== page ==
Three steps short of me he collapsed. I jumped out of my seat.

“You OK? Buddy?”

He didn't answer immediately. Looking up, the mystery man at the forward of the car was gone.

“I've been poisoned,” the man at my feet said in a low groan.

I bent down, grabbing his arm, turning him. He was about my age, twenty-seven, twenty-eight. Similar build, a white guy. Probably from the West Coast, too. He extended his hand and I took it, and as I lifted him up he coughed right in my face. I dropped him.

“What the fuck. Dude!”

“You've got it now. You have to help me.”

I grabbed him by his collar with both hands, bringing him inches from my face.

“Or you die.” He gurgled.

I slammed him back against the floor. He went “ummf” and started laughing. Hysterically.

I drew my arm back, hand clenched in a fist.

He threw his hands up, laughter gone. “The book. The book.”

I withdrew, stood up and though, What book?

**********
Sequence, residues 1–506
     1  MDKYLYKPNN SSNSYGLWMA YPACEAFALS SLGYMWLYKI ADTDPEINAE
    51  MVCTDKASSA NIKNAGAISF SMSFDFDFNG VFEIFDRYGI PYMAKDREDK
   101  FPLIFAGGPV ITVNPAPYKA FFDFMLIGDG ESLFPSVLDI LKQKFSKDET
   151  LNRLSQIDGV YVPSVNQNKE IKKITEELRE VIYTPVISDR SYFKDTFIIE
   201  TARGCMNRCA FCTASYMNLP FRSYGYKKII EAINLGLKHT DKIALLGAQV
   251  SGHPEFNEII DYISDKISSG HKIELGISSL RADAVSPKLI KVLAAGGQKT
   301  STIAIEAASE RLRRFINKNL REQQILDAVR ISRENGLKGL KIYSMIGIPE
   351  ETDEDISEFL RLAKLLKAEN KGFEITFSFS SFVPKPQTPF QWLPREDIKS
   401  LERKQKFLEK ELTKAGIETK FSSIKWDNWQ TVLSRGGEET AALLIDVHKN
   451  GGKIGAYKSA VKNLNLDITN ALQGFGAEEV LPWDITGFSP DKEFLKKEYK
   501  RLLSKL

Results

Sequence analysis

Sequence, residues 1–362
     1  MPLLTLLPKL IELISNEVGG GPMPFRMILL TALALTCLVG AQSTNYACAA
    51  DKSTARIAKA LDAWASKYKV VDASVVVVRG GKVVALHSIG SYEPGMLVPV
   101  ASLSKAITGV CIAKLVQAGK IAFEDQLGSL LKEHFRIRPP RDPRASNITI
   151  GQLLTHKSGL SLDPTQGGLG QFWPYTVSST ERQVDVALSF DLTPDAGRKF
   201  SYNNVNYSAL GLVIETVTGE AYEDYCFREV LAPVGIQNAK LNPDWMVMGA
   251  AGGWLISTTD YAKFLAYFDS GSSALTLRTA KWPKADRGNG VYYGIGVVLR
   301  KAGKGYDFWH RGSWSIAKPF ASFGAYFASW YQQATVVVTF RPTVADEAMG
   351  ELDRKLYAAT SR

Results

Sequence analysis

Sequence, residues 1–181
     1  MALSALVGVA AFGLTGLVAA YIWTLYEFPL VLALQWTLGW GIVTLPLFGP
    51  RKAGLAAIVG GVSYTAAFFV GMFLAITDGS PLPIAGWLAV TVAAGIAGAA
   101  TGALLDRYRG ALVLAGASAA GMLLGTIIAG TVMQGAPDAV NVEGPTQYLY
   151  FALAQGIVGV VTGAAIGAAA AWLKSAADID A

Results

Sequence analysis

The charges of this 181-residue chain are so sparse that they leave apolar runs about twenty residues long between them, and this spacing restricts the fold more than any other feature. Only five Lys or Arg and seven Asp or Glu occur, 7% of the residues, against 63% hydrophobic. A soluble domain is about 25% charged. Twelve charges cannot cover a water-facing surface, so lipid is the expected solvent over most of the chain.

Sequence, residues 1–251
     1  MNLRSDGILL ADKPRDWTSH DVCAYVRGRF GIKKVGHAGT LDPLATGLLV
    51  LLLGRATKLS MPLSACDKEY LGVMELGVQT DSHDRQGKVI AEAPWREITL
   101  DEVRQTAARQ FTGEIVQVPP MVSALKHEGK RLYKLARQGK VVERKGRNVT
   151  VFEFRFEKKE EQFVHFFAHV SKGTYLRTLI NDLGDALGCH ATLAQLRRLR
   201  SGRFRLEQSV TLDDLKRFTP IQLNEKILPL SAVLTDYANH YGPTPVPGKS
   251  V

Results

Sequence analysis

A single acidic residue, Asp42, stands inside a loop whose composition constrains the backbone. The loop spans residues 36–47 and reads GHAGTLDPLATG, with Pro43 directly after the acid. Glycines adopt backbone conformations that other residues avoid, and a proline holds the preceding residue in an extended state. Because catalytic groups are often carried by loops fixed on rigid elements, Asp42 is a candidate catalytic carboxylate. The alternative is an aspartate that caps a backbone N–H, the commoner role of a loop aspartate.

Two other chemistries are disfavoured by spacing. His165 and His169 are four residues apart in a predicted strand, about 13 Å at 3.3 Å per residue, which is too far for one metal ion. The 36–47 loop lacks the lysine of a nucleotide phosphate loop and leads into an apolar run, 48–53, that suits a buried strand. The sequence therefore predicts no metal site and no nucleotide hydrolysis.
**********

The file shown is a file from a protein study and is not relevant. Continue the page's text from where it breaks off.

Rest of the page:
Sitting up on the floor he pointed to my chair. I didn't look away, instead took a step back. Spacing myself.

“I saw you were reading Swierczynski. I must have read THE BLONDE three times. Kind of a crazy plot. Nanotech. Proximity. Clandestine organizations. All kinds of crazy. Have you read SEVERANCE PACKAGE?”

He lifted up, looked me eye-to-eye and extended a hand. I took it.

“Conrad Tuttle.” He said it matter-of-fact. Then reached to his side with his free hand, pulling up a Glock. “Agent Conrad Tuttle.”

He smirked. His grip on my hand tightened. The gun pressed against my collar bone.

“Mr. Brand we've got a situation.” Tuttle must have seen a glint of surprise, “It is Michael Brand? Please, tell me a lie and say you're not.”

“No, you got me agent. You are an agent, right? You've got a badge?”